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EU Committee warns of recession aftermath

A key advisory body within the European Union (EU) has warned that UK and other European dealers may have to import more cars in future from Asia, north America and elsewhere.

The European Economic and Social Committee fears the
recession may cause structural under-capacity amongst EU
manufacturers.

The committee, a long-established expert consultative group, warns in a formal opinion that governments must not “equate structural problems with over-capacity alone”.

It noted that Europe has already seen sharp reductions in manufacturing capacity in Spain, Portugal and Britain in recent years. 

And while “to some extent, overcapacity is inherent in the system (changes of model and internal competition, for example)”, there is “a danger that the crisis might cause a massive reduction in capacity, resulting in under-capacity and hence increased imports when demand increases once again”.

As a result, the committee has called on the EU’s industry-led CARS 21 high-level group to examine this risk and come up
with solutions.

It said that while order books remain thin, the European auto sector needs not only to be supported with government and private financing to stave off bankruptcy, but to use slack trading periods to retrain and retool so that it can meet increased demand once economic recovery arrives.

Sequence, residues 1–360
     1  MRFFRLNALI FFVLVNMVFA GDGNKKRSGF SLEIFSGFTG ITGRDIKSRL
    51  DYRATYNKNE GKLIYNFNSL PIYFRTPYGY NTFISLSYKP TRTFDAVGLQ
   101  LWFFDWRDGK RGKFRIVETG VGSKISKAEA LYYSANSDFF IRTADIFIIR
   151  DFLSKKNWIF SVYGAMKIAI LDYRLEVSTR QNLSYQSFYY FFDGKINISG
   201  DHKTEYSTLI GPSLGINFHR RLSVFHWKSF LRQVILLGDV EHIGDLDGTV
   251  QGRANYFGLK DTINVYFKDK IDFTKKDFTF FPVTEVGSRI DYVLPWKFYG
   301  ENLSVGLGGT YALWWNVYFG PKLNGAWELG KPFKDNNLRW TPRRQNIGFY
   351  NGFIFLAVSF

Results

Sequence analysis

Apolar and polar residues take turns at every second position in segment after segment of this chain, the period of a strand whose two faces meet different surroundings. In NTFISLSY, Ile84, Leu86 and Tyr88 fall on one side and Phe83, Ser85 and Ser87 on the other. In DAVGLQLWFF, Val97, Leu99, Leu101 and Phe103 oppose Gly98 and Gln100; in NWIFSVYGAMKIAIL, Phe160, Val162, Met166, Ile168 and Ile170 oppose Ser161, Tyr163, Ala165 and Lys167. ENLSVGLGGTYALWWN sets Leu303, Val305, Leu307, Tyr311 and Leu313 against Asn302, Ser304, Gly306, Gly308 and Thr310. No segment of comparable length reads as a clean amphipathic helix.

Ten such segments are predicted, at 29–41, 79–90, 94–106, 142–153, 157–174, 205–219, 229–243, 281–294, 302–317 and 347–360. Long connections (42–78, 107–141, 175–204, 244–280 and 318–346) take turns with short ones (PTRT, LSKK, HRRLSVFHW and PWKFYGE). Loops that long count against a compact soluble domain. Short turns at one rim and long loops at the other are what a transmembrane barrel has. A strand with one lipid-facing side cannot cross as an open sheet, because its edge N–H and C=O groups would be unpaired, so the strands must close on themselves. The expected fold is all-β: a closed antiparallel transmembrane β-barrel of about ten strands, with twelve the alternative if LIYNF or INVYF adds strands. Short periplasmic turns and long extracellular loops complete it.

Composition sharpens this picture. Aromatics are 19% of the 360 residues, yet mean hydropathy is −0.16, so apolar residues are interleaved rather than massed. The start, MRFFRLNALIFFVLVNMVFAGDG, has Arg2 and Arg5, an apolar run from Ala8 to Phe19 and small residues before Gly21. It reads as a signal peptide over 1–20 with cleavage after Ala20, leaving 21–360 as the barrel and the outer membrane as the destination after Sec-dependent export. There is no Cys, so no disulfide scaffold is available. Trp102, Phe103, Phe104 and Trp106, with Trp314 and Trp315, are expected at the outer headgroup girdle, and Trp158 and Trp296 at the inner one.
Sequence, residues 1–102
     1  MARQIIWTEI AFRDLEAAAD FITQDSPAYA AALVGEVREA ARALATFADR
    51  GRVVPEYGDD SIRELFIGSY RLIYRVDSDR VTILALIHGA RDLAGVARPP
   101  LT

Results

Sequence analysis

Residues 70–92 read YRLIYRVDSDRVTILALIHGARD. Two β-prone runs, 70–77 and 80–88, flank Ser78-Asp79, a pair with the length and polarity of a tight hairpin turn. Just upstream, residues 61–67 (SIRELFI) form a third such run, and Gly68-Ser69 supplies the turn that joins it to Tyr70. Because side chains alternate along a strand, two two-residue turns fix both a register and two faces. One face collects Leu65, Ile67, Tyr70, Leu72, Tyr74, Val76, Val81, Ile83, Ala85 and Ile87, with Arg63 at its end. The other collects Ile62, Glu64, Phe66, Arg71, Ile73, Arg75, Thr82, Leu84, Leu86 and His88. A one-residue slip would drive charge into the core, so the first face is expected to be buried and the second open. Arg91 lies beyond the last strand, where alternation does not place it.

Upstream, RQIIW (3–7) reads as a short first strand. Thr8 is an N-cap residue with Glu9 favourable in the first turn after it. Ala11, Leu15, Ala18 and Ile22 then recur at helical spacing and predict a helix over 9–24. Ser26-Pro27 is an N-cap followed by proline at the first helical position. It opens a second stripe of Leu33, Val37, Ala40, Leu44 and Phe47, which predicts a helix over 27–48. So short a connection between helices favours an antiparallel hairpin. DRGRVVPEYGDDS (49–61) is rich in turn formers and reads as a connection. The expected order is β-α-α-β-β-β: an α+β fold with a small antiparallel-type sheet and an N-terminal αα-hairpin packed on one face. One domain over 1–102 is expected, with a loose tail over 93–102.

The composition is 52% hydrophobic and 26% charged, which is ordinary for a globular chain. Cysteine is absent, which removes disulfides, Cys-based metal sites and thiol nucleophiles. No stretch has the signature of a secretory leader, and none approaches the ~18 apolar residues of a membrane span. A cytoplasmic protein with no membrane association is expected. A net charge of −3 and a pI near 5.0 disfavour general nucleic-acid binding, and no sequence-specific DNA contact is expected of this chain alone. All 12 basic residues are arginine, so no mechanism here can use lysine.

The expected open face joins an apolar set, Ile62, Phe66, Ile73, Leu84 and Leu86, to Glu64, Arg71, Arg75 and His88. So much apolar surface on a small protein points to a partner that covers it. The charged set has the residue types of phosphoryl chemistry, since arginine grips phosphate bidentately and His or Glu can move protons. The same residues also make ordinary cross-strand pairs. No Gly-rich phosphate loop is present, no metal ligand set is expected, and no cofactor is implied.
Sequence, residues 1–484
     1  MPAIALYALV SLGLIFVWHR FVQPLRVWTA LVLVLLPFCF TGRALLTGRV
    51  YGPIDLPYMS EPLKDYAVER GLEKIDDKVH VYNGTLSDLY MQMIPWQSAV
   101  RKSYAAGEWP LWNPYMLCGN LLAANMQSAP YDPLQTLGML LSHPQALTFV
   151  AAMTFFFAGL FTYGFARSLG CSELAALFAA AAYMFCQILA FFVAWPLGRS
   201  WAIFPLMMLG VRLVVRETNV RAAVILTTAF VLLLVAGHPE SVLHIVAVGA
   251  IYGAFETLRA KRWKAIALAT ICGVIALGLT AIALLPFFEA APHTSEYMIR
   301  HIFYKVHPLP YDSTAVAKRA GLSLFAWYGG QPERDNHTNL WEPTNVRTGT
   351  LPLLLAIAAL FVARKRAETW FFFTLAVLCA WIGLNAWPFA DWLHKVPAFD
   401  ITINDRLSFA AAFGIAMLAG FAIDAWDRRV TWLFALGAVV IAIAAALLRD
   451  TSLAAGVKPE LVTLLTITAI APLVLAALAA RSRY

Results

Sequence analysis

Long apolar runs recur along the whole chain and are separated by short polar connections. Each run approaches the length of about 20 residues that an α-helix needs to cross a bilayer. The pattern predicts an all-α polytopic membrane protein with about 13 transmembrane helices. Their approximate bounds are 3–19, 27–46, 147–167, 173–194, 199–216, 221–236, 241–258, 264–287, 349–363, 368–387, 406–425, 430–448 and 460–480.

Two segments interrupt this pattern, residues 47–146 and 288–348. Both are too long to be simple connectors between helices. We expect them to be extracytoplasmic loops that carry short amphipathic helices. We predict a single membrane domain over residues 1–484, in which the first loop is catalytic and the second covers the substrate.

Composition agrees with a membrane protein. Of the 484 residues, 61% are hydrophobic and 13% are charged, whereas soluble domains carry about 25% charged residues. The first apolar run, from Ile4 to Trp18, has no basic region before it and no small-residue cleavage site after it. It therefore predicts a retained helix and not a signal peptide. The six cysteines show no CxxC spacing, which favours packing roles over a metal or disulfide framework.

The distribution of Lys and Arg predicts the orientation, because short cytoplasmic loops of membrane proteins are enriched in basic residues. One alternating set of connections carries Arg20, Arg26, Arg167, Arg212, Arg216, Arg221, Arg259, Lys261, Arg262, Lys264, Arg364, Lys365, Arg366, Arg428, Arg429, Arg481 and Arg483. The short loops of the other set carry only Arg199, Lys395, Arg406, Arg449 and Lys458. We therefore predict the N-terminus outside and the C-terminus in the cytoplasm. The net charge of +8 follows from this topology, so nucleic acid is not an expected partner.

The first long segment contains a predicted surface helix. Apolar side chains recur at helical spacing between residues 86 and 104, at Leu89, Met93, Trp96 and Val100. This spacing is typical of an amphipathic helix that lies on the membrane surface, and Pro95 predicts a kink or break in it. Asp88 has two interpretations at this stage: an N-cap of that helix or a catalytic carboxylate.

One way the EU can help, said the committee, is through its European Globalisation Adjustment Fund, which is designed to retrain workers whose skills become obsolete through worldwide trade flows and market shifts. 

The committee said the EU should make €1 billion available through the fund for grant applications by automakers.
One particular concern of the committee is preventing hard-pressed US manufacturers from focusing their down-sizing efforts on their European arms. 

“The EU must press the USA and General Motors to give the European arm (Opel, Vauxhall and Saab) a chance to survive,” its report stressed.

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